About six months later, OpenAI launched its beta version of GPT-3, based on an unprecedented 175 billion parameters. To put that into perspective, 175 billion is almost the entire internet.

For all of you, like me, who have always found SQL tedious and nuanced (I never get it right the first time), GPT-3 can accept as input “Show total number of employees in HR department”, and instantly construct a well-formed SQL statement, “Select count

of Emp where dept_id = ‘HR’.

Don’t have time to write an email? GPT-3 can help you:

“Write an email from Neil to Mark at abchotels to book a suite in Menlo Park for three nights with my usual preferences”

To Mark at abc hotels, by Neil Raden, subject: Reservation request at Menlo Park location.

Greetings Mark. I am writing to request a reservation for a suite at your Menlo Park location for three nights. I am currently in the bay area on business and would like to make the reservation for April 1, 2, and 3. I would also like to request a room with a view of the Golden Gate Bridge (OK, I made that up. You can’t see the Menlo Park GGB, I don’t think). Please let me know if you have availability, and I’ll be happy to provide my credit card information over the phone. Thank you.

Training data for GPT-3 is controversial. Much of it is available openly, such as “tweets” from Twitter, a repository known for its violent, racist and misogynistic language. Although the model works to a greater extent, researchers are concerned that it poses a strong threat to misinformation, where bad actors can use it to create endless amounts of fake news, spread misinformation, and more.

July 19, 2020

my catch

OpenAI is currently forming a GPT-4, which is said to have ONE HUNDRED TRILLION parameters. This approach has its detractors. Stuart Russell, Berkeley computer science professor and AI pioneer, argues that […] “focusing on raw computing power completely misses the point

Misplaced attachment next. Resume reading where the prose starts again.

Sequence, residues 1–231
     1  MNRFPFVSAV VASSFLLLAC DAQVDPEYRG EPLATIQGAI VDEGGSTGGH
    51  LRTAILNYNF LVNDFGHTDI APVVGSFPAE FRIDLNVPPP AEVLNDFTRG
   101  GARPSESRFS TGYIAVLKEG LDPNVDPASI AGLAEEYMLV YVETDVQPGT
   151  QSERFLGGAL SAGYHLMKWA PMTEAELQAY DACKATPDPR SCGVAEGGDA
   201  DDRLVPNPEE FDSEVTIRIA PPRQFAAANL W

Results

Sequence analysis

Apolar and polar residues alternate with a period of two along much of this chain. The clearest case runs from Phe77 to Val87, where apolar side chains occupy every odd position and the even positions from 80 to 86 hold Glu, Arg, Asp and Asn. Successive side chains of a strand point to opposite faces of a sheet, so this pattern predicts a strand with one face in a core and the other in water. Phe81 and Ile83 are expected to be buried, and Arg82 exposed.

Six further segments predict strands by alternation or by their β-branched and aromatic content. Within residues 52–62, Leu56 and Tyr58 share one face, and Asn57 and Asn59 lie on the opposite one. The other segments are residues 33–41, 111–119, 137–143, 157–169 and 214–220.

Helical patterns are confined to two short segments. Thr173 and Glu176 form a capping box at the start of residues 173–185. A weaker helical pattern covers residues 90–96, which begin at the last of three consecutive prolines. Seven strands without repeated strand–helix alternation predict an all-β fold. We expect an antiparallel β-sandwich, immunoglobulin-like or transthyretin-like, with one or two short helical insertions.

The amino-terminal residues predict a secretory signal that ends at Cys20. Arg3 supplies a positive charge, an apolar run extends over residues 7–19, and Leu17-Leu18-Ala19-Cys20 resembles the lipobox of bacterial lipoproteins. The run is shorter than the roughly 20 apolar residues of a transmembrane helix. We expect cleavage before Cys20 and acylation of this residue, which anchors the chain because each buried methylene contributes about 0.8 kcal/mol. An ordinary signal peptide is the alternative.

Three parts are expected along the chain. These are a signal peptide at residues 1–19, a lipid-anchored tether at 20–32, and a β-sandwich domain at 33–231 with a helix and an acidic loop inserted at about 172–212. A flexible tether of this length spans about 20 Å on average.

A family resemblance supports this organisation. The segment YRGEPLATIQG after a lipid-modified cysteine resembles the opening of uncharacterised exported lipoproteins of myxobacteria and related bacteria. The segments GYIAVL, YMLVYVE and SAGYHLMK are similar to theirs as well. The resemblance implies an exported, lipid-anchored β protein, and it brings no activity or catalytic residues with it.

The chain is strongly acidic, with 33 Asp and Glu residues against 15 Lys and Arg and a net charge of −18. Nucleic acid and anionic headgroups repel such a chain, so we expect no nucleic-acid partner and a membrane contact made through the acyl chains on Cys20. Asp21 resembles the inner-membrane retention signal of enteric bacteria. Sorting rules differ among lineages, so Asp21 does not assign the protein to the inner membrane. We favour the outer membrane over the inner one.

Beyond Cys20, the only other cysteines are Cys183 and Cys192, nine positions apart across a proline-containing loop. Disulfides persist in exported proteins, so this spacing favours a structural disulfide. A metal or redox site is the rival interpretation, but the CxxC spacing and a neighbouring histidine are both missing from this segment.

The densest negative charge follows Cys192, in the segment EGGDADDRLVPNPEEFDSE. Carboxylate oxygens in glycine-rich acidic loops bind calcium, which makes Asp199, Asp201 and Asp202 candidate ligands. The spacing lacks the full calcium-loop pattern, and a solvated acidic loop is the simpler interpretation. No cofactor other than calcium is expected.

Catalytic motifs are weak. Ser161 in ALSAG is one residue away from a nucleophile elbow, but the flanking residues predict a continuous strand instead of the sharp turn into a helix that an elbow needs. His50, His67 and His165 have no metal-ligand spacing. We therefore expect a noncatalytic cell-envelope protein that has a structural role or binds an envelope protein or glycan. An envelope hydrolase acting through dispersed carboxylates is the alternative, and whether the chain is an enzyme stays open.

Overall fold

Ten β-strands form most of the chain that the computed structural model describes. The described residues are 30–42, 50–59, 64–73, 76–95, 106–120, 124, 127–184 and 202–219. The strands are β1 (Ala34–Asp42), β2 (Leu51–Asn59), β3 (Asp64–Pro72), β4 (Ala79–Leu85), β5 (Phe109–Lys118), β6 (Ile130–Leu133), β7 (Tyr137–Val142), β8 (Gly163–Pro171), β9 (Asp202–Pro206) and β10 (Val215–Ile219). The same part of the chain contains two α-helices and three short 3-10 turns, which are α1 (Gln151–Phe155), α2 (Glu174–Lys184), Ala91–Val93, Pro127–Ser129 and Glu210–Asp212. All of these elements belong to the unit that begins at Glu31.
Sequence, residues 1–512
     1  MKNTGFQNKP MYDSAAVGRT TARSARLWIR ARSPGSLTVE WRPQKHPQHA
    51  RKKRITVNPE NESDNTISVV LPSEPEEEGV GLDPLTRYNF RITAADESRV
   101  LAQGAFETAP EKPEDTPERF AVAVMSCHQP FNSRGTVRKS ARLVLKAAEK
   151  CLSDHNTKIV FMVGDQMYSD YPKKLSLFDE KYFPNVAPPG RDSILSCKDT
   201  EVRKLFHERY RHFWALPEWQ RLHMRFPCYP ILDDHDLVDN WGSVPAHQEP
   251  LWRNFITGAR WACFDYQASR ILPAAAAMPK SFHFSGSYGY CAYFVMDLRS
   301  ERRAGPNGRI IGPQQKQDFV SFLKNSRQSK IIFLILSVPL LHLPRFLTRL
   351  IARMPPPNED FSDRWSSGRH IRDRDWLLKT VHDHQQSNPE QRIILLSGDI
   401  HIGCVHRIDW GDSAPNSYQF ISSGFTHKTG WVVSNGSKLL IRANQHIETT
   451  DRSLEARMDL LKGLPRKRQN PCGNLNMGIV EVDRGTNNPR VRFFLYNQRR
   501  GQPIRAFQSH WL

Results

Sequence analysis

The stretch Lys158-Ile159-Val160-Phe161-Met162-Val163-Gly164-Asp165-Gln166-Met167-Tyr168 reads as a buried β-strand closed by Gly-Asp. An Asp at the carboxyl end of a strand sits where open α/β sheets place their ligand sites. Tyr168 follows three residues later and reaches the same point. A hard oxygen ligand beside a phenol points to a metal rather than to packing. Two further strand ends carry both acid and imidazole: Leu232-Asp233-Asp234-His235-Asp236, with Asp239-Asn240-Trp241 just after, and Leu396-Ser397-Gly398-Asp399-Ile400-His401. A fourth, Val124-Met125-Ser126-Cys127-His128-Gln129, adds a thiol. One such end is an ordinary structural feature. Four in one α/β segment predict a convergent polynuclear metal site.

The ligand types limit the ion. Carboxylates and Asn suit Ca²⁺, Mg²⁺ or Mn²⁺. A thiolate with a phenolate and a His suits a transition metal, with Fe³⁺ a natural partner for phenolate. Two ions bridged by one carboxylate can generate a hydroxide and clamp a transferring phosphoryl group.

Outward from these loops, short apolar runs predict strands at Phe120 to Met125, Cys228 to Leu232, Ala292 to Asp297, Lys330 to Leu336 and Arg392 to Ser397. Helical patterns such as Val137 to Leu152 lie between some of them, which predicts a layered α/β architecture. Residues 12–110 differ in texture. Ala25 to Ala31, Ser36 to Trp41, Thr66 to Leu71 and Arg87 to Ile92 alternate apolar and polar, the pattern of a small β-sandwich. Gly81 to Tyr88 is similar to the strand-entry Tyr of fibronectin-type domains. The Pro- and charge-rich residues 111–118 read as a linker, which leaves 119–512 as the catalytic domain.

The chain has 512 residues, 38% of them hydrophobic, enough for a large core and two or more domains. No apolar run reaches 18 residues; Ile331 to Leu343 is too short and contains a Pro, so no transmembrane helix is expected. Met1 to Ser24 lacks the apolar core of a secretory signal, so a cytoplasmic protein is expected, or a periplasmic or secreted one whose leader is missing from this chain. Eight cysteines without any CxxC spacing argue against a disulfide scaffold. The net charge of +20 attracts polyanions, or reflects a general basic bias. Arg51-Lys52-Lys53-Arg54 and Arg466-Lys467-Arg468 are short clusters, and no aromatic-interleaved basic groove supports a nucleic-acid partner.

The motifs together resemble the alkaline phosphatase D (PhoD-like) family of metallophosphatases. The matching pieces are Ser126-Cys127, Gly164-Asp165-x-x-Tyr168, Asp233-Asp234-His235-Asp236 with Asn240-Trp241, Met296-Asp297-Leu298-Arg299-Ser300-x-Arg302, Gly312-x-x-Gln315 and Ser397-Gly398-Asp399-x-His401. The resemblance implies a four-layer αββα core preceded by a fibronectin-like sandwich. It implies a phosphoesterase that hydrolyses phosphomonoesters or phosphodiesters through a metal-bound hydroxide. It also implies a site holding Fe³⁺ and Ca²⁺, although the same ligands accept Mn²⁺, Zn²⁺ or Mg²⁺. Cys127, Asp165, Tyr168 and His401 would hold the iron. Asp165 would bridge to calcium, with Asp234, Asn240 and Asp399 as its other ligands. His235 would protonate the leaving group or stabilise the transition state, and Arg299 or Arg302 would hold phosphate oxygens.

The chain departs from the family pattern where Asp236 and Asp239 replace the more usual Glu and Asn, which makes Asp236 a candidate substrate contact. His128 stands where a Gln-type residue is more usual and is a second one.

We don’t know how to make a machine truly intelligent – even if it were the size of the universe.” There is another item: GPT-3 costs about $4.6 million

in computer science. This would put a price of $8.6 billion for the computer to form GPT-4. There is reluctance to say that these monstrous models are out of control. There is also another problem. Sam Altmman believes that each iteration of GPT will come closer to the inevitable AGI (Artificial General Intelligence), but there is an equally believable fallacy. “Why AI is harder than we think” – this is the title of a recent article by Melanie Mitchell at the Santa Fe Institute. Her assertion is that the prevailing attitude, and certainly that of OpenAI, is that narrow intelligence is on a continuum with general intelligence.Mitchell, however, argues that a

Narrow AI advancements are not “first steps” towards AGI (Artificial General Intelligence) as they still lack common sense knowledge.

The implication is that the path to truly thinking machines is not through ever bigger computers, but through better theories leading to better and more economical algorithms. This fits perfectly with my background in topology, where I had a professor who wouldn’t accept a proof longer than two pages.